Help your neighbor, avoid rogue messages
Many Americans rely on their neighbors after a disaster, but there are also ways you can help your neighbors before a hurricane approaches. Learn about all the different actions you and your neighbors can take to prepare and recover from the hazards associated with hurricanes. Start the conversation now with Neighbor Helping Neighbor strategies but remember you may need to adjust your preparedness plans based on the latest health and safety guidelines from the CDC and your local officials.
Comprehensive preparedness requires the whole community to participate and FEMA places tremendous value on communities that embrace a local "Neighbors Helping Neighbors" approach. Neighbors Helping Neighbors empowers community leaders to involve and educate individuals from their community about simple steps one can take to become more prepared. 46% of individuals expect to rely on people in their neighborhood for assistance within the first 72 hours after a disaster.
The Neighbor Helping Neighbor approach seeks to support state, tribal and local agencies, civic organizations, faith-based groups and other community organizations that serve the whole community.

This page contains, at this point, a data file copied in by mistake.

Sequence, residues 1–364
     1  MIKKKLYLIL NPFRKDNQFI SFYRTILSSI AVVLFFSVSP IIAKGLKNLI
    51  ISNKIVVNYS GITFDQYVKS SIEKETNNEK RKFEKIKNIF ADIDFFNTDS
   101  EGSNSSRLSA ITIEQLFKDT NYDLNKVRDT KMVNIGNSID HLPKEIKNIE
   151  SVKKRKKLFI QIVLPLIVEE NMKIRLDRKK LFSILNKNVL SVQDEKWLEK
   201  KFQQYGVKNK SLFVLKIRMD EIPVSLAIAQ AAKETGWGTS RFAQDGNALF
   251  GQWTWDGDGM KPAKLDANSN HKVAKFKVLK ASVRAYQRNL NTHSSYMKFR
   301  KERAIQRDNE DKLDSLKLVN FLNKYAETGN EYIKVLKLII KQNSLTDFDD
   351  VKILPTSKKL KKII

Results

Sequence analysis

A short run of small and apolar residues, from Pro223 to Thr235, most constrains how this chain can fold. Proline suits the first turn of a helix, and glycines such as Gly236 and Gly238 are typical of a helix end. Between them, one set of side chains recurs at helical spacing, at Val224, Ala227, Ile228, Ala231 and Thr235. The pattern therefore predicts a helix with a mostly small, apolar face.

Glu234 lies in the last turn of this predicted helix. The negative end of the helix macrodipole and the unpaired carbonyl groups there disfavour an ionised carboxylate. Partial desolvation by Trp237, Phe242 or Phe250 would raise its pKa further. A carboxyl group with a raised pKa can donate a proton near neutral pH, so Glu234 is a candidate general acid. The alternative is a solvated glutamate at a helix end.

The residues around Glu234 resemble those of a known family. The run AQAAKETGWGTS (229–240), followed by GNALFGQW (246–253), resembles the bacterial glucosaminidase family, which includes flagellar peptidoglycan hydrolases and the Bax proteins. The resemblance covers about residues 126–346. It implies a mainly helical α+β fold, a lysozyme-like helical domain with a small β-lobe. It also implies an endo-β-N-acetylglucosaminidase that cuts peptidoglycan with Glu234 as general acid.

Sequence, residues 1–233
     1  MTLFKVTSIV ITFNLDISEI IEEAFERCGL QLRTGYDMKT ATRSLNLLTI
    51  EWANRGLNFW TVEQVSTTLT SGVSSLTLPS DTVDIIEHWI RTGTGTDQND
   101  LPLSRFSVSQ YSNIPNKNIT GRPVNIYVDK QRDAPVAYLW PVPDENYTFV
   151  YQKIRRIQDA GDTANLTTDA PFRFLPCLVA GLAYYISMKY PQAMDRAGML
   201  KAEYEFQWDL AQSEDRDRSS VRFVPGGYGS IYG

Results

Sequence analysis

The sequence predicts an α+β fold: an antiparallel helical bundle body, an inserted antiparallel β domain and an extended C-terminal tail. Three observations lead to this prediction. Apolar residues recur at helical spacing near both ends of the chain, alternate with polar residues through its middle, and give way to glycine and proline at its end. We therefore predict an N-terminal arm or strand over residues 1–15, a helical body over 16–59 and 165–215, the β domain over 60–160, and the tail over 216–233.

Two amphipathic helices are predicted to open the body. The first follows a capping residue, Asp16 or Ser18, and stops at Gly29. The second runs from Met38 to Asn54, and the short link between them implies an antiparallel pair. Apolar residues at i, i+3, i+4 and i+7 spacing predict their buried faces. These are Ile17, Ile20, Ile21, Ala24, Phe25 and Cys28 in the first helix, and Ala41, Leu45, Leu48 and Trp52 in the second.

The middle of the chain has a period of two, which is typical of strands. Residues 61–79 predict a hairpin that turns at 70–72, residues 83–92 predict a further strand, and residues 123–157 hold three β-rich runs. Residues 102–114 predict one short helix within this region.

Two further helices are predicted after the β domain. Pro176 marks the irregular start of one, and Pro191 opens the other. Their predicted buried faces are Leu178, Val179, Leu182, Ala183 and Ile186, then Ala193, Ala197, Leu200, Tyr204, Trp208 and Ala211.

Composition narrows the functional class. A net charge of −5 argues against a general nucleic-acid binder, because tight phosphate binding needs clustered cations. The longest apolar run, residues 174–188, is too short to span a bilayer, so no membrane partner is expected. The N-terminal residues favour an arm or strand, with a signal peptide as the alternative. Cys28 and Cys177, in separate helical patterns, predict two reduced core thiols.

You can get involved with the Community Emergency Response Team (CERT) program, which educates volunteers about disaster preparedness for the hazards that may impact their area. The program trains people in basic disaster response skills, such as fire safety, light search and rescue, team organization, and disaster medical operations.
Being a good neighbor is not just about physical assistance. In our increasingly technological times, being a good neighbor can mean being digitally responsible as well. Communication is crucial during hurricane season—especially when a storm threatens. Studies have shown that clear and consistent messages result in a better understanding of the forecast. For that reason, the WBRZ Weather Team and NOAA’s National Hurricane Center work in tandem to deliver official statements from the most skilled tropical forecasters in the United States.
Be wary of sources that go rogue or issue their own statements ahead of the official word from NOAA. DO NOT share these. A single forecast model images that shows a doomsday scenario in your home state is likely just one of dozens of potential outcomes. Especially when storms are days away from landfall, these types of social media messages are a very bad idea. Again, please DO NOT share these.